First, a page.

Book Review: My Grandmother Asked Me to Tell You She’s Sorry, Fredrik Backman (2015)

Friday, June 26th, 2015

For Children Aged Zero to One Hundred and Twenty-Three

five out of five stars

(Full disclosure: I received a free electronic ARC for review on NetGalley. Trigger warning for violence, including domestic violence and war.)

Miamas is Granny and Elsa’s favorite kingdom, because there storytelling is considered the noblest profession of all. The currency there is imagination; instead of buying something with coins, you buy it with a good story. Libraries aren’t known as libraries but as “banks,” and every fairy tale is worth a fortune. Granny spends millions every night: tales full of dragons and trolls and kings and queens and witches. And shadows. Because all imaginary worlds have to have terrible enemies, and in the Land-of-Almost-Awake the enemies are the shadows, because the shadows want to kill the imagination.

And when the morning light seeps into the hospital room, Elsa wakes up in Granny’s arms. But Granny is still in Miamas.

The mightiest power of death is not that it can make people die, but that it can make the people left behind want to stop living.

Almost-eight-year-old Elsa is what many adults call “smart for her age.” She may only be seven, but Elsa knows a backhanded compliment when she hears one. A precocious kid, Elsa isn’t terribly popular, with children or adults. And most certainly not among shopkeepers, whose grammatically incorrect signage she doesn’t hesitate to correct with her handy, ever-present felt-tipped pen: her all-time favorite gift from her font-obsessed father.

Elsa’s best friend – her only friend, in point o’ facts – is her seventy-seven-year-old grandmother. Luckily, Granny lives in Elsa’s apartment building – right next door! People say that Granny’s “crazy,” and that may be true … but only to an extent. Mostly Granny doesn’t give a flying fuck what others think of her. It kind of comes with the territory: Granny was a medical student, and then an accomplished doctor (a surgeon, no less), before these fields had opened up to women. Heck, during Granny’s first few years on this earth, it was even illegal for Swedish women to vote!

So that’s one part of Granny’s “madness” – the radical notion that women are people and can do the same things as their male peers. Even if that involves traveling the globe, visiting the sites of natural disasters and man-made catastrophes while everyone else flees, rescuing people and rebuilding lives the best way she knows how.

(More below the fold…)

Book Review: The Ugly Princess: The Legend of the Winnowwood, Henderson Smith (2014)

Wednesday, June 25th, 2014

ALL the scars! (Instead of stars! See what I did there?)

five out of five stars

(Full disclosure: I received a free copy of this book for review through Goodreads’ First Read program. Also, this review contains clearly marked spoilers towards the end.)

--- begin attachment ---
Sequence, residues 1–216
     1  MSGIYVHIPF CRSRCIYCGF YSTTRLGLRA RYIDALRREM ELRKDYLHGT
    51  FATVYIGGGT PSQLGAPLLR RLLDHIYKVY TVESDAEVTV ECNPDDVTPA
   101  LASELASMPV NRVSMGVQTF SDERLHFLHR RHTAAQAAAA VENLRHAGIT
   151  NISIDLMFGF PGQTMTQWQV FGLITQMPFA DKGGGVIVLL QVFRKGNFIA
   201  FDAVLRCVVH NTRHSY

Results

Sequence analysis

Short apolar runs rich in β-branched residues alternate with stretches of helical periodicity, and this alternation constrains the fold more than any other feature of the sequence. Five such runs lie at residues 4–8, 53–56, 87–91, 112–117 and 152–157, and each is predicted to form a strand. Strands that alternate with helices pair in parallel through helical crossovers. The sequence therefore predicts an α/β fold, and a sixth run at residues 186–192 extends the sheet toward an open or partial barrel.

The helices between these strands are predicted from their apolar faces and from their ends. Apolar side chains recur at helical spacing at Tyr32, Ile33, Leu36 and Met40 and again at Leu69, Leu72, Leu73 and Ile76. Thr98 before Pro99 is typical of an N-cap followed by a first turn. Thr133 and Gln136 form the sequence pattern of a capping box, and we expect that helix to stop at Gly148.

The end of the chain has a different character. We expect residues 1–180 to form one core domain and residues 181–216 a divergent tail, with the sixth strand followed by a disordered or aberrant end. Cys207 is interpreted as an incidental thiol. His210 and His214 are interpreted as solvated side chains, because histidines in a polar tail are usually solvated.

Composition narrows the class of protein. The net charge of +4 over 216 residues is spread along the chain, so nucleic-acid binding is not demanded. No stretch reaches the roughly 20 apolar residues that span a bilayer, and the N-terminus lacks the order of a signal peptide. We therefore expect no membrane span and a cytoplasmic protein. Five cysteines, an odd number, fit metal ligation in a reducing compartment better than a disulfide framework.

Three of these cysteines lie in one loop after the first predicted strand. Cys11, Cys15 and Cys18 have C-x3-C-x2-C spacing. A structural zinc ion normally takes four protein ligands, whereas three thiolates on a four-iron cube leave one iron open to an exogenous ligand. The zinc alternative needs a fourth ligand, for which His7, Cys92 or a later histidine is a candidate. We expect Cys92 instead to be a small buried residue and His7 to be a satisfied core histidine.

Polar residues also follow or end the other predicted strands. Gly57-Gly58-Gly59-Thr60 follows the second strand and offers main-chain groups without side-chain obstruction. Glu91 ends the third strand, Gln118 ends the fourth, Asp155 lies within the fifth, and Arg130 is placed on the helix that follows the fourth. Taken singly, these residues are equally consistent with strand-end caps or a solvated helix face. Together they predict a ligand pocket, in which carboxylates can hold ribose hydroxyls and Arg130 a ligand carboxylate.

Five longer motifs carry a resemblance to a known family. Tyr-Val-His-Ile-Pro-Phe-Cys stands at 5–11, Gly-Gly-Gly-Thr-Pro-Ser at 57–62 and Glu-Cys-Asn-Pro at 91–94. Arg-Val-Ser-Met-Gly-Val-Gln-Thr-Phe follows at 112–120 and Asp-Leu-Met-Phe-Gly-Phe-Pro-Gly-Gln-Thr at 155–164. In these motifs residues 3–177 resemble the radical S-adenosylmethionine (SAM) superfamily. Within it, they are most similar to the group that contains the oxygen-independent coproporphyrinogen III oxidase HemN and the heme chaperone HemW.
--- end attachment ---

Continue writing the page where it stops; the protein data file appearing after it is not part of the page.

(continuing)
I wondered if in the history of the world there had ever been a Princess as ugly as me? I doubted it. But was there ever a Princess in the history of the world who saved their kingdom twice from annihilation by the time they were eighteen, and I doubted that as well. I gave myself a brave smile then attached the veil to my crown and appraised myself – well, it was a beautiful dress.

So there’s this princess named Olive, see.

But she’s also a magical creature called a Winnowwood – the last of her kind.

In addition to being troll-like in appearance, Winnowwoods can control nature, speak to animals, assume animal form, even heal their fellow earthlings. But every time a Winnowwood uses her magic to change something outside of herself – such as to heal her nonhuman friends – she becomes uglier on the outside: she sprouts a new boil or wart, for example. But to the animals she just grows more and more beautiful.

Hundreds of years ago, the lands were teeming with Winnowwoods. But a witch called Cassandra the Dragon Slayer cursed them with a knife, the Blade of Winnowwood, which tempts the Winnowwoods with physical beauty: should they use it to sever their crux (an extra joint on their pinky which is the source of their powers), they will lose their magics in exchange for youth and beauty. This is why all the Winnowwood save for Olive are gone – having long since died or succumbed to the curse. The beauty a Winnowwood will attain after “winnowing” is inversely related to how ugly she is at the time of the ceremony.

Beauty is all Olive’s younger sister Roseline ever wanted. As a child, she rarely used her magic, for fear of becoming uglier than she already was. But the day of her winnowing ceremony, she made a rare visit to the glen, where she spent hours torturing a doe – slashing her chest, breaking a leg with a hammer, etc. – so that she could heal the deer over and again, becoming uglier and uglier with each act of magic. And, ultimately, more and more beautiful that night. (Spoiler alert: Olive found the doe her sister left for dead and healed her – or her physical scars, anyway.)

The whole time I’m reading this, I’m thinking: yeah, but what about dinner time? You don’t eat your friends: cows, pigs, chickens. Awkward.

Turns out that Olive and her mom Opal are both vegetarians! (Roseline was, but not since her winnowing.) It’s not vegan, but I’ll take it.

Up until this point, I’d slowly been falling in love with The Ugly Princess: The Legend of the Winnowwood. But page 57? That’s when I gave my heart over to it fully. This is one beautiful story, people. Inside and out.

(More below the fold…)